Home|Journals Follow on Twitter| Subscribe to List

Directory for Medical Articles

Open Access

Original Research

Qualitative and quantitative changes of corneal endothelial cells and central corneal thickness in pseudoexfoliation syndrome and pseudoexfoliation glaucoma

Saroj Sarowa, Jaishri Murli Manoher, Kalpana Jain, Yamini Singhal, Deepak Devathia.

Background: Pseudoexfoliation syndrome (PXS) is age-related systemic microfibrillopathy, caused by gradual deposition of extracellular grey and white material over various tissues. PXS is frequently associated with secondary open angle glaucoma. In Pseudoexfoliation eyes, corneal endothelial changes have been reported. The present study analysed corneal endothelial morphometry and central corneal thickness in PXS and pseudoexfoliation glaucoma.

Objective: To evaluate qualitative and quantitative changes of corneal endothelial cells and central corneal thickness in pseudoexfoliative(PEX) eyes with and without glaucoma and to compare with normal eyes and eyes with primary open-angle glaucoma(POAG).

Materials and Methods: A total of 80 patients were included in this study: 20 eyes with PXS, 20 eyes with pseudoexfoliation glaucoma(PXG), 20 eyes with POAG, and 20 normal eyes. Corneal endothelial cell density(ECD), coefficient of variation(CV) in cell size, percentage of hexagonal cells and central corneal thickness were measured using a non-contact specular microscope.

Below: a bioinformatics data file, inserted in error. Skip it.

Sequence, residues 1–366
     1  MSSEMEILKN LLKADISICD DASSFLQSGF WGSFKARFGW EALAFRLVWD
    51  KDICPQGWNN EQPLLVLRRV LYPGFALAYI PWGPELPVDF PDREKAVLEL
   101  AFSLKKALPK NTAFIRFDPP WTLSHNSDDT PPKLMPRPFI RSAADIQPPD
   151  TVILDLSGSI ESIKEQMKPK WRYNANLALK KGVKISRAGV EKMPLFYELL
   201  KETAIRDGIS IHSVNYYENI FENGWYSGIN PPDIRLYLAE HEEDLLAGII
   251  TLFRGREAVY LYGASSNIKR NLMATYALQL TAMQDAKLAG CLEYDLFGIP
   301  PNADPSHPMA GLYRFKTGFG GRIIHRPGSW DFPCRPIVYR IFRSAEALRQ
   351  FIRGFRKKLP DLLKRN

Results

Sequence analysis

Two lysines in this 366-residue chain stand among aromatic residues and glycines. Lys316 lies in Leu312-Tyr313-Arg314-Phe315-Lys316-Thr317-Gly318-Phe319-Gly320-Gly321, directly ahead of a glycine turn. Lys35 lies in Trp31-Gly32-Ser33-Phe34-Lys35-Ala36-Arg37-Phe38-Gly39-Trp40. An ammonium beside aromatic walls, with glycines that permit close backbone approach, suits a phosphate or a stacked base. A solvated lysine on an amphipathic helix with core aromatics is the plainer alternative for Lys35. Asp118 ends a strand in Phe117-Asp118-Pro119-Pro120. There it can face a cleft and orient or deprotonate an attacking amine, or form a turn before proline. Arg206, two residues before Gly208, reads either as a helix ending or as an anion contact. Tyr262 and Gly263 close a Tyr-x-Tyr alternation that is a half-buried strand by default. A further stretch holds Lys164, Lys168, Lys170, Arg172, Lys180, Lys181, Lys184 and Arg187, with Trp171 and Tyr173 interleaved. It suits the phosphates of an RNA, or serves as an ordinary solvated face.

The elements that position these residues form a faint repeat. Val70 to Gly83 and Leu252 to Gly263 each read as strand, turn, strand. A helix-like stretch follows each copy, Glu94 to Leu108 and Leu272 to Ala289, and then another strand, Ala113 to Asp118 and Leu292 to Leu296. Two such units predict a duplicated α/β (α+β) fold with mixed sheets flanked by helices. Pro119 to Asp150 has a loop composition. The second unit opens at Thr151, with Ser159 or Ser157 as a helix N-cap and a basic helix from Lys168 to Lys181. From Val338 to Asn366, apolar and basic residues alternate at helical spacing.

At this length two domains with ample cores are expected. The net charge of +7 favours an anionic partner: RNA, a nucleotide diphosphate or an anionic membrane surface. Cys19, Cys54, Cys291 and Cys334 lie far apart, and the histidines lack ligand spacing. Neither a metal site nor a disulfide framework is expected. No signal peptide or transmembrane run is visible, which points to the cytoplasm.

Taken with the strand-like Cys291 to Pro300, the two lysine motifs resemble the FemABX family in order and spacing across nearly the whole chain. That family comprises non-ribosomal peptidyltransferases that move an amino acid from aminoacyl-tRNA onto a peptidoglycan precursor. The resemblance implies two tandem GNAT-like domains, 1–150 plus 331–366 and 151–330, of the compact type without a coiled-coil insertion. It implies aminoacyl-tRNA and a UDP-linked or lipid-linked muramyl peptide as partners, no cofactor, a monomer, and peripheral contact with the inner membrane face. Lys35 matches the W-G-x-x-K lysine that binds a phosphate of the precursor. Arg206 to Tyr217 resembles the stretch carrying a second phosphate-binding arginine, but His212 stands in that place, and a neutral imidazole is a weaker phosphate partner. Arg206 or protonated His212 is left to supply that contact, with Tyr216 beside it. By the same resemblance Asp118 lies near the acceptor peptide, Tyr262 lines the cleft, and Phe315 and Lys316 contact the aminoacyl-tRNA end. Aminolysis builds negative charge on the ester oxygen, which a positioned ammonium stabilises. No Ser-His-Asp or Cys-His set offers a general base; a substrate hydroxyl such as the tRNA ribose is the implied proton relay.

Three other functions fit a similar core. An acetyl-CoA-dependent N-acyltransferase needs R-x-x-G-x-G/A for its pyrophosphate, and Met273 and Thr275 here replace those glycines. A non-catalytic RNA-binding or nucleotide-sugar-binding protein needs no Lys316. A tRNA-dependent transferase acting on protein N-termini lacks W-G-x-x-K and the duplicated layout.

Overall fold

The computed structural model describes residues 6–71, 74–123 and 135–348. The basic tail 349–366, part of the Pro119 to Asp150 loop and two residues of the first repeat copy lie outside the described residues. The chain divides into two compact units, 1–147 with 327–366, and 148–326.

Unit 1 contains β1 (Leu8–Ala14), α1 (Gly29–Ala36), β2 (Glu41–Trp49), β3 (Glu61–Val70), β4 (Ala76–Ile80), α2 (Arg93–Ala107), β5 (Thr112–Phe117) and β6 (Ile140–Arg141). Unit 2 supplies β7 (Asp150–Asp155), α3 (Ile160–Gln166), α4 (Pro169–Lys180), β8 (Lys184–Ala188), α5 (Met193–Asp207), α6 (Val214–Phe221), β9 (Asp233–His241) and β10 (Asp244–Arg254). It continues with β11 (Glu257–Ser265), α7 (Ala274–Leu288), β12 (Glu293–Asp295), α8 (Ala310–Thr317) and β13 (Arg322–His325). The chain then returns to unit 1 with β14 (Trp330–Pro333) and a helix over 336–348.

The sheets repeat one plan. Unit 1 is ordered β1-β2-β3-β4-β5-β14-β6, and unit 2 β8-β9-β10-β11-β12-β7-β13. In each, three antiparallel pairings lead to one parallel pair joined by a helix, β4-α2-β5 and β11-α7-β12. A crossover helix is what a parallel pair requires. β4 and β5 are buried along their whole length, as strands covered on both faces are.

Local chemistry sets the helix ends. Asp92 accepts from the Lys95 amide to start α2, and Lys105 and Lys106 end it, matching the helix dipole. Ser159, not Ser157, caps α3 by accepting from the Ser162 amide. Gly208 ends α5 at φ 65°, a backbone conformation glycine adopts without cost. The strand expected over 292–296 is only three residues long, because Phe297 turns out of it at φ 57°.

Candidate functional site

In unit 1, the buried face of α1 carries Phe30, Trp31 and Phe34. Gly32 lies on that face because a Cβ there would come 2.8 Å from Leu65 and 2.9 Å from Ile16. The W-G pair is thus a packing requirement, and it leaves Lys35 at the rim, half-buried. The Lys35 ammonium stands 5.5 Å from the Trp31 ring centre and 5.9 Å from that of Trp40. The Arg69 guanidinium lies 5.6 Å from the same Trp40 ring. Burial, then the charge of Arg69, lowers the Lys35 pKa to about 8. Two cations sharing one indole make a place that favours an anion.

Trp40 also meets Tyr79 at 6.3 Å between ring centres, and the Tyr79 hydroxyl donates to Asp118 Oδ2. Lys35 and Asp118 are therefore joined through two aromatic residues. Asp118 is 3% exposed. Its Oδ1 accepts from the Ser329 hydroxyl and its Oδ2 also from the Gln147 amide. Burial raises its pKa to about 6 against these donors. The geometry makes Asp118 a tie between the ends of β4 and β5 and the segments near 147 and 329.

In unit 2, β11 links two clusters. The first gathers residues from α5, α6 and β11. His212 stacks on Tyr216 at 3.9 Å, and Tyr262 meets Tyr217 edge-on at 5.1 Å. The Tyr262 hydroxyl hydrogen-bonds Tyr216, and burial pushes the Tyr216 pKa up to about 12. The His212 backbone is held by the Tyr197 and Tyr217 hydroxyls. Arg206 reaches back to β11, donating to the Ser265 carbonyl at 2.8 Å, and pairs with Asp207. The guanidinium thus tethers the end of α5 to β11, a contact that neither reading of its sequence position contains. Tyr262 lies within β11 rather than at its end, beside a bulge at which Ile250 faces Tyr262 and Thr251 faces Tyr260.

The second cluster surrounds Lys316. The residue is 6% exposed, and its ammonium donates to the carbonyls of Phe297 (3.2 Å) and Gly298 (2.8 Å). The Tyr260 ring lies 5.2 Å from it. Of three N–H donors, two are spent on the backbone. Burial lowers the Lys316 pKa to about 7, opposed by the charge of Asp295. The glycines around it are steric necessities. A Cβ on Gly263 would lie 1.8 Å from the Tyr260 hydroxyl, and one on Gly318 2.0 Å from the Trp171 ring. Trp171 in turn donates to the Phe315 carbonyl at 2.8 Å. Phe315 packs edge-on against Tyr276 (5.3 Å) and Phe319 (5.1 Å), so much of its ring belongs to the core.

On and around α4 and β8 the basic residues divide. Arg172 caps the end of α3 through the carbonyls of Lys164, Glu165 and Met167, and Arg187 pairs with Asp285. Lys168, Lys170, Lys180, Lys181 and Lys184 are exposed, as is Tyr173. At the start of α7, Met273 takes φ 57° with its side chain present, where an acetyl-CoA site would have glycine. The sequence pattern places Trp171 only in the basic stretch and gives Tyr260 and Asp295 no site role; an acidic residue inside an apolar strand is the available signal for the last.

Results: ECD (p-value

Key words: Corneal endothelium, Central corneal thickness, Pseudoexfoliation Glaucoma Pseudoexfoliation Syndrome, Specular Microscopy

Share this Article

American Journal of Research in Medical Sciences


ScopeMed Home
Follow ScopeMed on Twitter
Article Tools
eJPort Journal Hosting
About ScopeMed
Terms & Conditions
Privacy Policy
Suggest a Journal
Publisher Login
Contact Us

The articles in Scopemed are open access articles licensed under the terms of the Creative Commons Attribution Non-Commercial License (http://creativecommons.org/licenses/by-nc/3.0/) which permits unrestricted, non-commercial use, distribution and reproduction in any medium, provided the work is properly cited.
ScopeMed is a Database Service for Scientific Publications. Copyright ScopeMed Information Services.
Scopemed Buttons